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Seller Financing

Seller Financing / Promissory Note Attorneys in Austin, Texas

The Daves Law Firm represents sellers who seek to enter into “owner-financed” arrangements with prospective buyers. As a seller and lender, you need proper legal documents to protect your investment and ensure collection in the event of a default by the buyer.
If you plan to sell property under an owner-financed arrangement, contact the Daves Law Firm to speak with one of our attorneys.

Legal Documents Necessary for Seller Financing

As a seller in a seller-financed sale you need to have certain documents, namely a Promissory Note and a Deed of Trust.

What is a Promissory Note?

The Promissory Note is an agreement containing an express and absolute promise of the signer (buyer) to pay to you (seller) a definite sum of money at a specified date or on demand. A Promissory Note usually provides for interest and, concerning real property, is secured by a deed of trust. A Note contains: a promise to pay, the signature of the Debtor, the amount owing and the name(s) of the person(s) to whom the debt is owed, the date due, the rate of interest and how it is payable. The Note may or may not amortize.

What is Amortization?

Amortization is payment of debt in regular, periodic installments of principal and interest, as opposed to interest only payments. A Note having equal payments (usually monthly). Interest is figured on the declining principal balance. As the principal decreases, interest also decreases applying more of each periodic payment to principal.

What is a balloon note?

A Balloon Note calls for periodic payments which are insufficient to fully amortize the face amount of the Note prior to Maturity, so that a principal sum known as the “balloon” is due at maturity.

What is the “Due on Sale” clause?

A clause in a Deed of Trust and Note allowing the Note Holder to call a Note due if the real property acting as security is sold. This is to prevent the assumption of the debt by a stranger. This is an Optional Clause which must be contracted for. Almost all institutional Notes and Deeds of Trust will contain a due on sale clause.

What is a deed of trust and how does it differ from a mortgage?

In Texas, any agreement creating a security interest in real property as an incident of a debt constitutes a mortgage. Thus, even though a trust deed may purport to convey title to a trustee with conditions of trust, such a transfer will nevertheless be treated as a mortgage. Thus, a trust deed is in legal effect a mortgage with a power of sale. Unlike a deed which conveys real estate, a mortgage or deed of trust does not dispose of the title to land, but only operates as security for a debt.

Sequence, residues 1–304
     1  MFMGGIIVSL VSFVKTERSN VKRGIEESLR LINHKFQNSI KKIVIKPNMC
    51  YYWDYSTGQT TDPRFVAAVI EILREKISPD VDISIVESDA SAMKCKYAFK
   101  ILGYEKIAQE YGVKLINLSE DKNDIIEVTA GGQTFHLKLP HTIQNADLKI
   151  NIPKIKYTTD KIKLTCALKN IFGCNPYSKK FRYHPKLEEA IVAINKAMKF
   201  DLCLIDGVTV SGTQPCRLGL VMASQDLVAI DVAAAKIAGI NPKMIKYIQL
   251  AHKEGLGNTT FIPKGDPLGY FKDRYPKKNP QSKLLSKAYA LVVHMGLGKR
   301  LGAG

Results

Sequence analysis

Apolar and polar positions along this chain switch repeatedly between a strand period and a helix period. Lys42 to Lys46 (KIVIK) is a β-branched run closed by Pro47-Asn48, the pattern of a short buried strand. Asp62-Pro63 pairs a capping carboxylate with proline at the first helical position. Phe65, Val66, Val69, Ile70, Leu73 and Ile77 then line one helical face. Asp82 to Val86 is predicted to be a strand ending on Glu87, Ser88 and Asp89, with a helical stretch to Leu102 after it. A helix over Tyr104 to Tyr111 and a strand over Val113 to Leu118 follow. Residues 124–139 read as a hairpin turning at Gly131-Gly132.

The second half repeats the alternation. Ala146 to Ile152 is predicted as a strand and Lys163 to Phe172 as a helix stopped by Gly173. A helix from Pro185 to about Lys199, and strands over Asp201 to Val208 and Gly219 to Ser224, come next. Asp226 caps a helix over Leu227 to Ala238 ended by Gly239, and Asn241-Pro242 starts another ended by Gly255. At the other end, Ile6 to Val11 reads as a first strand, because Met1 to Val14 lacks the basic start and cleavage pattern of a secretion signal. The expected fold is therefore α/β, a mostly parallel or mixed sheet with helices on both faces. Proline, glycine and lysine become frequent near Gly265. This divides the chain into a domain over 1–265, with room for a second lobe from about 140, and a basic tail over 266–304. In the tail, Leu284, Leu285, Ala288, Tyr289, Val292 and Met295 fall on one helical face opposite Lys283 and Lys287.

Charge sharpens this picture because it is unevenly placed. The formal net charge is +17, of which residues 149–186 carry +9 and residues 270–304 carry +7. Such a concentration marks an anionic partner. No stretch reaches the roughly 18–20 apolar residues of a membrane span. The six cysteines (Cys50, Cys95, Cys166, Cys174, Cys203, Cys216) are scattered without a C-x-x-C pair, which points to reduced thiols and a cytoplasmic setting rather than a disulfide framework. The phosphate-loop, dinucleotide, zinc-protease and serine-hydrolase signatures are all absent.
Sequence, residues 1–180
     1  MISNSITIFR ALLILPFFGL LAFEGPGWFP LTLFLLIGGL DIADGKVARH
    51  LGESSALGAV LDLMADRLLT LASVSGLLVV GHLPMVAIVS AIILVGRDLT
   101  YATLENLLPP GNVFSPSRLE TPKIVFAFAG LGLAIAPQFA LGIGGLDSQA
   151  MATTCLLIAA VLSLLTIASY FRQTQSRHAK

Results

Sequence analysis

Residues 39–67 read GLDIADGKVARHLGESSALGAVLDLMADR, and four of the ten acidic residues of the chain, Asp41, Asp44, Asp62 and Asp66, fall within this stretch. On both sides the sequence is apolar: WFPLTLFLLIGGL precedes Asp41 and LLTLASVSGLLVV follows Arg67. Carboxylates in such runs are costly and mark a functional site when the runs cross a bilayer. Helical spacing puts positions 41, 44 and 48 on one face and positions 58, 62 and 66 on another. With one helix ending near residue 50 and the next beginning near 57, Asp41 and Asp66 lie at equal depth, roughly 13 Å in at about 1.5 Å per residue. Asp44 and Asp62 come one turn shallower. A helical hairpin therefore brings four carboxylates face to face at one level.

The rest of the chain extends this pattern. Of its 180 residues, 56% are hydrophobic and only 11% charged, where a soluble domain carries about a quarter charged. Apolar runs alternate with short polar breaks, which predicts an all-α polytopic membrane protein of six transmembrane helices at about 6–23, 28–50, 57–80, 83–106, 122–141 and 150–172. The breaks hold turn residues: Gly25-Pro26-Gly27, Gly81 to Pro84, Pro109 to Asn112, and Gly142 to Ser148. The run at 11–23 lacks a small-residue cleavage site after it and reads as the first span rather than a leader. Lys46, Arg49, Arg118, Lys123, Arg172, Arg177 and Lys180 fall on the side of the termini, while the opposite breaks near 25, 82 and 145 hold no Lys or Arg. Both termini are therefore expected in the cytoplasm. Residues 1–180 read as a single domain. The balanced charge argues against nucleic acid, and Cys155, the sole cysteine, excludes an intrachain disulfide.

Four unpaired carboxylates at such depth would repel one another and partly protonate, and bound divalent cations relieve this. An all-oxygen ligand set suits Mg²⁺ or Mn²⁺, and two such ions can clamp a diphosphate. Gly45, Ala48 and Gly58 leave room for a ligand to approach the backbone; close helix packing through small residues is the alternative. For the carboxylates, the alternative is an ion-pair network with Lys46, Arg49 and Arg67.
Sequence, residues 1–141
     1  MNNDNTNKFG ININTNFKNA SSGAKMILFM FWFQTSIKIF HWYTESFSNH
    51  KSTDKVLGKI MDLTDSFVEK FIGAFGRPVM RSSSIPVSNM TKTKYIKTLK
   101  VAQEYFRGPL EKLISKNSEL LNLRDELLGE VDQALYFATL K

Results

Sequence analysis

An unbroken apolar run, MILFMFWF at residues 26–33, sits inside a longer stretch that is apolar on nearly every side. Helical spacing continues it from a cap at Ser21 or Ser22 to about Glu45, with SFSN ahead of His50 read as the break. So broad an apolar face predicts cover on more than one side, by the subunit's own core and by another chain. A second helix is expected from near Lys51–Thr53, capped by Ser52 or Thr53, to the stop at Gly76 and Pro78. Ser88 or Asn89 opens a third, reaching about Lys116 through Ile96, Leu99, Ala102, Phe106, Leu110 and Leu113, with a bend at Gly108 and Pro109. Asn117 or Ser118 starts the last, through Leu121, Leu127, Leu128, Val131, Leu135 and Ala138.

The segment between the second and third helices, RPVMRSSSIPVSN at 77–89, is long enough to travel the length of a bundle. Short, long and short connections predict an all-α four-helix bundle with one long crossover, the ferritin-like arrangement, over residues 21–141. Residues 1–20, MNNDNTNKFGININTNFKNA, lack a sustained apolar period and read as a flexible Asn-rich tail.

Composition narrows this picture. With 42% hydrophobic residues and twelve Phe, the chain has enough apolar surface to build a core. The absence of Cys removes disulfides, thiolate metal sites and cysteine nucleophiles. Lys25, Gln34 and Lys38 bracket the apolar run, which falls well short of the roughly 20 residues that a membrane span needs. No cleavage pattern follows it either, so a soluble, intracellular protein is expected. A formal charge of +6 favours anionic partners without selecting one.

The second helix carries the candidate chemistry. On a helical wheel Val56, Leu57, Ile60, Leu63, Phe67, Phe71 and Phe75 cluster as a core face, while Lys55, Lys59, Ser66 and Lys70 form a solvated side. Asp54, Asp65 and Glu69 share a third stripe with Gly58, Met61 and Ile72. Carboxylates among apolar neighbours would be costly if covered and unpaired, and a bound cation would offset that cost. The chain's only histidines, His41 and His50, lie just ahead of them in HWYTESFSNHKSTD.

Who are the Parties to a deed of trust?


The grantor is the person (buyer) granting the security interest in real property as evidenced by the Deed of Trust. It is easy to get confused here since the Grantor in the deed of trust is the same person as the Grantee in the deed! In a deed of trust, the grantor is the person who purchases the land in question. (buyer).


The grantee of a deed of trust is the person who benefits from the granting of the security interest in land which is granted by the deed of trust. The grantee is also sometimes called the Beneficiary.


The person who benefits from the deed of trust—-this is the name of the lender.


The trustee is a person named by the grantor of a deed of trust to represent both the grantor and the grantee/beneficiary in the event of a default under a deed of trust or the note securing the deed of trust. This person might be called on to foreclose the property in the event of a default. You must name someone. However, the beneficiary/note holder always has the right to select a substitute trustee at the time of the a foreclosure so the actual party named is not that important. Typically the lender names the Trustee, usually the drafting attorney.

What is a Release of Lien?

When a deed of trust is paid off, or when you wish to remove (release) a lien from property, you use a release of lien. In title company jargon this is a ROL . When a Note secured by a Deed of Trust is paid off, the holder of the Note signs a document called a Release of Lien. This Release of Lien instrument describes the Note on which the Deed of Trust secures, describes the land being released, and states the recording information of the deed of trust. If the Note is not being paid in full and only a portion of the land is being released from the deed of trust lien, the release would be a Partial Release of Lien.